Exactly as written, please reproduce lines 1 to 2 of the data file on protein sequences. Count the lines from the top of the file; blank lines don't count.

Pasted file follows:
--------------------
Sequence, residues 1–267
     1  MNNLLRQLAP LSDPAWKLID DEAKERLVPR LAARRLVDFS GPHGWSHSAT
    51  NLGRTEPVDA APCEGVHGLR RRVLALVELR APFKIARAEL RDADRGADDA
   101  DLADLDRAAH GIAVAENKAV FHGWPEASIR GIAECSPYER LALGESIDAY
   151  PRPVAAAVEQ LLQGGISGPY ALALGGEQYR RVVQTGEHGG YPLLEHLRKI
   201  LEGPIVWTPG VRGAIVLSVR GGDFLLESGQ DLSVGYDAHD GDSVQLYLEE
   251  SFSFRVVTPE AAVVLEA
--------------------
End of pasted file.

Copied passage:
Sequence, residues 1–267
     1  MNNLLRQLAP LSDPAWKLID DEAKERLVPR LAARRLVDFS GPHGWSHSAT